Biosecurity Queensland is urging North Queensland residents to be on the lookout for myrtle rust, a serious plant disease, after it was found in nurseries in Cairns and Townsville.
Biosecurity Queensland Director (Myrtle rust) Mike Ashton said this was only the second time myrtle rust had been found outside of South East Queensland since it was first detected in Brisbane in December last year.
“This is the second time myrtle rust has been found in Cairns and the first detection of the disease in Townsville,” Mr Ashton said.
“The infected plants have been removed from sale and other susceptible plants are now being inspected for signs of the disease.
“Tracing so far has found the infected plants at both nurseries had been sent from a Townsville nursery.
“Further surveillance and tracing will be conducted to determine whether the disease has spread outside of the nurseries and any other potentially infected consignments sent from the original nursery.
“Our priority now is to work with these and other potentially infected nurseries to make sure they know how to identify the disease in the future and what to do if they find it.”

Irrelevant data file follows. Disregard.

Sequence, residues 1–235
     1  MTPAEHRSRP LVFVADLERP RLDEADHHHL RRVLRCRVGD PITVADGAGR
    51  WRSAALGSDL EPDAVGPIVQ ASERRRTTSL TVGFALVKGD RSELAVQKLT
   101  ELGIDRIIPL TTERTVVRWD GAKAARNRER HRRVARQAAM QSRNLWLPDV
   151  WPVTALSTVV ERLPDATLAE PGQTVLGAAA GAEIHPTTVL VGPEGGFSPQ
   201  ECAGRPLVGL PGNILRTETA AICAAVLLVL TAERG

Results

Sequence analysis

Mr Ashton said its disappointing myrtle rust had been found so far outside of South East Queensland but knowing where it is helps scientists to understand more about the disease.
“We know myrtle rust cannot be contained or eradicated but the more we know about the disease the more we can learn about how to manage it and its potential impacts,” he said.
“We need residents and businesses to learn what myrtle rust looks like and let us know if they think they find it.
“I encourage everyone to visit the Biosecurity Queensland website where you can find photos and advice on what to do to manage myrtle rust in different situations.”
Myrtle rust can cause deformation of leaves, heavy defoliation of branches, dieback, stunted growth and plant death. There is no known direct threat to humans or animals.
The first signs of myrtle rust are tiny raised purple spots or pustules on new leaves. After a few days, the pustules erupt into distinctive, fluffy-looking egg-yolk yellow spores.
Myrtle rust infects myrtaceous plants including many Australian native plants commonly found in gardens such as paperbarks, lilly pillies, bottlebrush and tea trees.
“We first detected myrtle rust in Queensland in December 2010 and it has since been found at plant nurseries, council parks, schools, in backyards and national parks.
“We advise everyone to be on the lookout for myrtle rust in their own gardens and other natural areas including bushland and parks.”